To leave everything and go to Moscow!
by Lindsey Trout Hughes
In the Russian play, it is my name day
again. Here, girls are birds in a town
that vanishes with little more than a wink.
I am in love with the rehearsing, stupid
lights, stupid bright, spike tape, cold
coffee. I am trying to ache, but someone
is whistling. The gist is that children
are born, love is taxing and persistent. Poverty
is the price of scandal, death will ruin you
almost. Afterward, you can still say
hello to your daughters by stopping the clock
in the living room and ruining the mood of a perfectly
alright birthday party. I understand now: flinging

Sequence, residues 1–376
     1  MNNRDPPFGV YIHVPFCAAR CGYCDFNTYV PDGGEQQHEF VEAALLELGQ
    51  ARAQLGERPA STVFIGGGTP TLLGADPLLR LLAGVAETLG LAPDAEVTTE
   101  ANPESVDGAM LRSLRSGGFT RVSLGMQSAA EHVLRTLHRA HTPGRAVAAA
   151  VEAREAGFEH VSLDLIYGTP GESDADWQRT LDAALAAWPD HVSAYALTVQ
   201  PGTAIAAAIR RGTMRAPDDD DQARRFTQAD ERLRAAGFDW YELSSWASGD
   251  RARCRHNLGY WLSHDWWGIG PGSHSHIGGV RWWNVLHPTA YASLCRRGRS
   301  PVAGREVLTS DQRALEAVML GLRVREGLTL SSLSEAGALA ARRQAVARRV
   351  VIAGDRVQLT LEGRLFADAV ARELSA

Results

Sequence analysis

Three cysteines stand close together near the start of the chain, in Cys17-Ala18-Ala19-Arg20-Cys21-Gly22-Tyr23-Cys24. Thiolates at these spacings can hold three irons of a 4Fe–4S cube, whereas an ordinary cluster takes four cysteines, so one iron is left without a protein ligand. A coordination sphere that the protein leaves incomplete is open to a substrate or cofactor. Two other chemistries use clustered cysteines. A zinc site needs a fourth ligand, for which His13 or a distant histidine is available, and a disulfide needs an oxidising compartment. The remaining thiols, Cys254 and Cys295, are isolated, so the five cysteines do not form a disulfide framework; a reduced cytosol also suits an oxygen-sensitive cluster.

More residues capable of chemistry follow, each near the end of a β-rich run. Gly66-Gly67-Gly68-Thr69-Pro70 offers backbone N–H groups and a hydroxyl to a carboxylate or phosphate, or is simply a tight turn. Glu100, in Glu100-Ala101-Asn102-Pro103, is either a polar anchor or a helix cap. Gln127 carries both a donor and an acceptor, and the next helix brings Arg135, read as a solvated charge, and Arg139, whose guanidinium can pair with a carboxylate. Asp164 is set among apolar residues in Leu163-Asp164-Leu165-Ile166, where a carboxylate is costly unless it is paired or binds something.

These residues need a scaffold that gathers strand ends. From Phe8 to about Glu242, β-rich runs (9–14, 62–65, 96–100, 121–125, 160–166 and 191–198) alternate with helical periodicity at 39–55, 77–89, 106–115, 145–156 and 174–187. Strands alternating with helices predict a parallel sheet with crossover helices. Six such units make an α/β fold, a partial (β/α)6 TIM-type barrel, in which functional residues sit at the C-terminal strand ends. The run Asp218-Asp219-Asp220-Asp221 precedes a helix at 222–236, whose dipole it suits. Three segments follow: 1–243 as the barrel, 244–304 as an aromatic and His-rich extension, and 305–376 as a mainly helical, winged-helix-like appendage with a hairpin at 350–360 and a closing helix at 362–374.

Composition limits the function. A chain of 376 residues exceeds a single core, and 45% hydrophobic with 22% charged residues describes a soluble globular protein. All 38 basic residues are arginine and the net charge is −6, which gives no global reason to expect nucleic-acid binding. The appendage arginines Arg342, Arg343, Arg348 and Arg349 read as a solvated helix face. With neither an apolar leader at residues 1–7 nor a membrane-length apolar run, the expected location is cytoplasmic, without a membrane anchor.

my arms around your neck Is the only way
to greet you come morning. In this way, we are
rulers of our own small county, a place of crops,
forests, little wars. I play with toys
I am too old for. You make jam, learn
to fiddle. You used to pass me love notes. Now
they’re all titled “On Suffering”. I am thankful
we don’t have horses, that duels are out
of fashion. You’ve forgotten your lines again— ask me
to bring you the coffee. I will look at you, hold
my breath, count to ten, repeat: Moscow
doesn’t exist. Moscow doesn’t exist. Moscow
Lindsey Trout Hughes is a writer and performer living in Brooklyn, where she is a founding member of Bonneville Theater Company.
Lindsey's poems have been published by Silver Needle Press and Authorized to Work in the US Press. In addition to poems, she writes plays and essays. In 2015, her play Chop Your Own Wood was chosen to one of the best new plays to emerge from the New York International Fringe Festival and was published by Indie Theater Now.